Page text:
Rule four: Don’t start a business.
At least I would wait a few years to get to know the situation a bit better.
If you have a Thai partner, he or her will almost certainly want to start a business and invest your money. Be careful, the money invested will not come back. Even if you make a profit, the dollars invested do not count as an investment but are lost by the day of spending.
Once there is a profit you might get your share of that but all the upfront payments are not seen anymore. This is casual Thai Style lol.
As most of Thailand’s citizens are struggling to have a higher income, the chance of starting an own business is too tempting. With a few thousand dollars a whole range of businesses can be created. And as I said before, rule two, Thai people can always make a business run and earn a lot of money, at least that is what they say.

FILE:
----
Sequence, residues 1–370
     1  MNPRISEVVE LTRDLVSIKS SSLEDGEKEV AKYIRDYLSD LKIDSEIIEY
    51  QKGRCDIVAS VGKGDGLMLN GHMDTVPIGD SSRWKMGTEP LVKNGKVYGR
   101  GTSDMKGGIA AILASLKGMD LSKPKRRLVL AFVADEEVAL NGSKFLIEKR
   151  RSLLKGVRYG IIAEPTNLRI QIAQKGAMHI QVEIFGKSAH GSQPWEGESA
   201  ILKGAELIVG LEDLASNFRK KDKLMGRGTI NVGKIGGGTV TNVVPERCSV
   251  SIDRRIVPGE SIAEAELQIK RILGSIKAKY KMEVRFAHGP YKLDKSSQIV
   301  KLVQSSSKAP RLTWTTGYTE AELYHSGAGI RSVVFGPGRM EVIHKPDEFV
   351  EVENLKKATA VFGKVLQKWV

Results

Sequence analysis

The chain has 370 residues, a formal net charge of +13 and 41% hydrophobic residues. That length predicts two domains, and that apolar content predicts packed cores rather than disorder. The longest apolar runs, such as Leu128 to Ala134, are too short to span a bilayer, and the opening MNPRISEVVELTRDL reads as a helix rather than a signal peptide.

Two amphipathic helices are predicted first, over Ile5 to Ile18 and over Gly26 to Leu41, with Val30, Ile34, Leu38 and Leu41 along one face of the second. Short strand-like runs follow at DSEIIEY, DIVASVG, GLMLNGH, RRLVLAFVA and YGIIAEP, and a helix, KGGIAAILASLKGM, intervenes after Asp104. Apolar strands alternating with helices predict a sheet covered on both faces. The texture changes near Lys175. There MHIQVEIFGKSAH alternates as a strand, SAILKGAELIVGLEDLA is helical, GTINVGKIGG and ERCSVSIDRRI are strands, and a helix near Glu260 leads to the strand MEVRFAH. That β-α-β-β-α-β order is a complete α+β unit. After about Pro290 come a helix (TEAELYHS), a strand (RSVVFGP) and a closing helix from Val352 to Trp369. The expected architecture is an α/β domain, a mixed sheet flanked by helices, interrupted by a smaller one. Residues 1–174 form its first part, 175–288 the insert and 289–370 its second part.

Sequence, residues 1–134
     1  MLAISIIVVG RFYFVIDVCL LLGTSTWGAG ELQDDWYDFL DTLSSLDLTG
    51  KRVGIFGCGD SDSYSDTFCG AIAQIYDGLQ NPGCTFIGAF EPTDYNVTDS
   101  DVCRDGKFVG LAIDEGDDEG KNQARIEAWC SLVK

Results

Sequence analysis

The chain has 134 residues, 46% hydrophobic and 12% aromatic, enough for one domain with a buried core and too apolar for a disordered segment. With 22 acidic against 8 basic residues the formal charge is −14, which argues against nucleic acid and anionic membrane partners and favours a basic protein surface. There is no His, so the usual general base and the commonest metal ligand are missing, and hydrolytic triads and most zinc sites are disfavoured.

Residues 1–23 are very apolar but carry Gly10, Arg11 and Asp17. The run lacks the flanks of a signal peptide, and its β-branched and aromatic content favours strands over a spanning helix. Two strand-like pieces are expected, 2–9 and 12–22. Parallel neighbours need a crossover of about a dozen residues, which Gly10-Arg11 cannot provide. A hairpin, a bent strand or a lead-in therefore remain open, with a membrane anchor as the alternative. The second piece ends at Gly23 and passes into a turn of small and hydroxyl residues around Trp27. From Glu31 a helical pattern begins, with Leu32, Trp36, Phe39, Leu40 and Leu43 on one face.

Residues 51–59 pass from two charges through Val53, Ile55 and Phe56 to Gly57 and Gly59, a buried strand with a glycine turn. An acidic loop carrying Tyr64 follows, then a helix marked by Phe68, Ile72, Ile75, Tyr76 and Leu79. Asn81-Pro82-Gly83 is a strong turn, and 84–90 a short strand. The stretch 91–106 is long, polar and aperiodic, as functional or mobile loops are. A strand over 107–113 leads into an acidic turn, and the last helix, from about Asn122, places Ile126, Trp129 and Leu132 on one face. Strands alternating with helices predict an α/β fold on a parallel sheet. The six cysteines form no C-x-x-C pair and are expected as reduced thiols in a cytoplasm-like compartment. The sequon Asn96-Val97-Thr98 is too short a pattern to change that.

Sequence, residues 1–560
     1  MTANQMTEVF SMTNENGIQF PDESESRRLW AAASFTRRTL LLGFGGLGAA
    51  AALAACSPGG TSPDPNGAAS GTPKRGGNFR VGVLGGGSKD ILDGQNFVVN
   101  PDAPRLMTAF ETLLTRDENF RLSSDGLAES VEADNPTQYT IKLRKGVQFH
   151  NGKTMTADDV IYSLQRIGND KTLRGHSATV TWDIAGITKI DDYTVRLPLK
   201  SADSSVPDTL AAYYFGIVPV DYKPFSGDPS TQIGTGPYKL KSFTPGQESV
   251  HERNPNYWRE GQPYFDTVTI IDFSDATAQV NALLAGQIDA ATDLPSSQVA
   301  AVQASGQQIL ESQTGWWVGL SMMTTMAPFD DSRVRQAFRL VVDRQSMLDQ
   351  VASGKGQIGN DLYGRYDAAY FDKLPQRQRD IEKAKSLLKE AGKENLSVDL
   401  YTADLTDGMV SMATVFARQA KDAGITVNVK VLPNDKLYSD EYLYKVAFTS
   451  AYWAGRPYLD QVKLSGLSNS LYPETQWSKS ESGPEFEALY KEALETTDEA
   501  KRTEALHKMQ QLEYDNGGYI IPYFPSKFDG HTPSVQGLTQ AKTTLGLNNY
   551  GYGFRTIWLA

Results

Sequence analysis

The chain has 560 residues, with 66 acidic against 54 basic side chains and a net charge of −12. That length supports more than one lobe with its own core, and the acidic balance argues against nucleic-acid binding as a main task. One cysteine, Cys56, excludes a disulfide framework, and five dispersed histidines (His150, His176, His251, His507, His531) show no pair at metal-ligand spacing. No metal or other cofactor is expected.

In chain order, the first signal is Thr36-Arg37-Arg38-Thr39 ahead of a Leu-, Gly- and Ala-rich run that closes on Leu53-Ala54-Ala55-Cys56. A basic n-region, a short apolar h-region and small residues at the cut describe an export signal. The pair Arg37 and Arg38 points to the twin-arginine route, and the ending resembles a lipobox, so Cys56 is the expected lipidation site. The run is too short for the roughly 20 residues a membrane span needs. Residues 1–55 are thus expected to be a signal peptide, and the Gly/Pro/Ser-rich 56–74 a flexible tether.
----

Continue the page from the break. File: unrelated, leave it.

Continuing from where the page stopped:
My wife said there is a lot of money to be made with cattle, a lot of money. Now I know, it is true, if you have some 4-8 cattle and take care of them yourself and have some experience and knowledge yourself in doing that, you can double or more your investment.
That means though, you have a full-time job and can earn about, depending on the market, 4-8 thousand dollars a year. That is in Thailand really a lot of money. But for me, it is not enough to live with, at least in the first few years.